With threats established and continually regenerated by a steady supply of stories, we can all imagine ourselves as potential victims. Yet, from time to time, media producers like to depict victimhood and for this they tend to choose people who represent ourselves at our most vulnerable. Thus the most effective victim portrayals in contemporary media are generally of children. Much concern with safety therefore focuses on child safety. Classically, stories of child abuse have served media producers well in this respect. A less common genre, but one that is more centrally located within the media health field, is the story of the sick child. The dimensions of this story and the way in which it compares with families’ reported experiences of sick children (there are many disjunctures) have been analysed in a study by Dixon-Woods et al. (2003).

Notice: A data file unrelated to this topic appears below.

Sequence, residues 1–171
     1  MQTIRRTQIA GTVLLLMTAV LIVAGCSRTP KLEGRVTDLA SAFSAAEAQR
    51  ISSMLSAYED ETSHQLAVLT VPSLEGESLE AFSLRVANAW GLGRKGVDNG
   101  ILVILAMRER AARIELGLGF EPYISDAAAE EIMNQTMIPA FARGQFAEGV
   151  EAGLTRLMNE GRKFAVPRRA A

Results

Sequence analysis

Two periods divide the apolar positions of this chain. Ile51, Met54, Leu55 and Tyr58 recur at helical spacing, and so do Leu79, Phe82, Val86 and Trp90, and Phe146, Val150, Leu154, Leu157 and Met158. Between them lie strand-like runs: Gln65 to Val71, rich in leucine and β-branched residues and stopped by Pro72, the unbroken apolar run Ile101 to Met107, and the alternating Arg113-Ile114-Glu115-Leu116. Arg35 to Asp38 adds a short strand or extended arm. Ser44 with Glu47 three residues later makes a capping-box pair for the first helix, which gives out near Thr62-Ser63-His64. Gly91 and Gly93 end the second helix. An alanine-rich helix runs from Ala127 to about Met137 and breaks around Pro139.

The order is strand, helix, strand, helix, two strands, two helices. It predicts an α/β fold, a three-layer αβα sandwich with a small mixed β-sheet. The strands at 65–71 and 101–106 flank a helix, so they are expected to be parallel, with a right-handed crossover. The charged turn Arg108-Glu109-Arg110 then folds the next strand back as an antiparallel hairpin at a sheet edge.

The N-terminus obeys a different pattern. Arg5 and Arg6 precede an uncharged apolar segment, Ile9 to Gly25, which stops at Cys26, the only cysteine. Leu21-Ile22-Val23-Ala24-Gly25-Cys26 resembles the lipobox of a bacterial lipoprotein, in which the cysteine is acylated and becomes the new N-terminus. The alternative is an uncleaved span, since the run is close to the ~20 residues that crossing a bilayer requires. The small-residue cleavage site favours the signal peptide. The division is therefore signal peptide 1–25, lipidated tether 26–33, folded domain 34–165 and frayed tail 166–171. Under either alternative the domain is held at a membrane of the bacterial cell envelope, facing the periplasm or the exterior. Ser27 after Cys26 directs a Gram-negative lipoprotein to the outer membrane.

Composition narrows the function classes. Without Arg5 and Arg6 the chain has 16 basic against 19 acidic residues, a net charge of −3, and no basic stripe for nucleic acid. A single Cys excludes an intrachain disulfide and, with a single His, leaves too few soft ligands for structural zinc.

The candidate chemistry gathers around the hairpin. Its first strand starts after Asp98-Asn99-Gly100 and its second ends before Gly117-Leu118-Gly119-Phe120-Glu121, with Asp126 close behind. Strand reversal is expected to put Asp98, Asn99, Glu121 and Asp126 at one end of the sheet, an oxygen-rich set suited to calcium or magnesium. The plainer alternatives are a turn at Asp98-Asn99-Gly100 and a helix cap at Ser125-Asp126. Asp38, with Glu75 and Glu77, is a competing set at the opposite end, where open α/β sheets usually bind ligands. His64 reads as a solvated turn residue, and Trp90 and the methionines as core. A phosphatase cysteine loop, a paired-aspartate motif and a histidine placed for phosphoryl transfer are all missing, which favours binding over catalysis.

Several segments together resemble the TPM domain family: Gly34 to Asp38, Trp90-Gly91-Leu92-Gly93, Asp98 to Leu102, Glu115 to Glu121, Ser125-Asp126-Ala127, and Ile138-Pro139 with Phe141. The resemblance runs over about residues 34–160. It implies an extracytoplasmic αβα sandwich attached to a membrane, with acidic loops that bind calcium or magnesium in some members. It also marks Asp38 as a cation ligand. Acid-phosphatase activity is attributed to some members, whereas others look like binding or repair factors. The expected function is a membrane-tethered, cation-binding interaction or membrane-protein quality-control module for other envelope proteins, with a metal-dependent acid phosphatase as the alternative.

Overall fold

The fourth and fifth components of the media health meta-narrative are stories about professional and lay heroes. These, in their different ways, are set up to rescue the victims threatened by danger and villainy. Yet there are important tensions between these two kinds of hero, and understanding this helps us understand why villains cannot easily be securely stigmatised – their subjectivity comes through too often, as the elevation of the lay hero involves a quite pervasive media celebration of the subjectivity of the ordinary person that has gathered pace in recent years. This in turn generates an obligation to be tolerant and inclusive of difference, something which can test the ingenuity of media producers obliged to replace old hate figures with new ones, all the time risking the alienation of important media audience constituencies, should vilification be taken ‘too far’.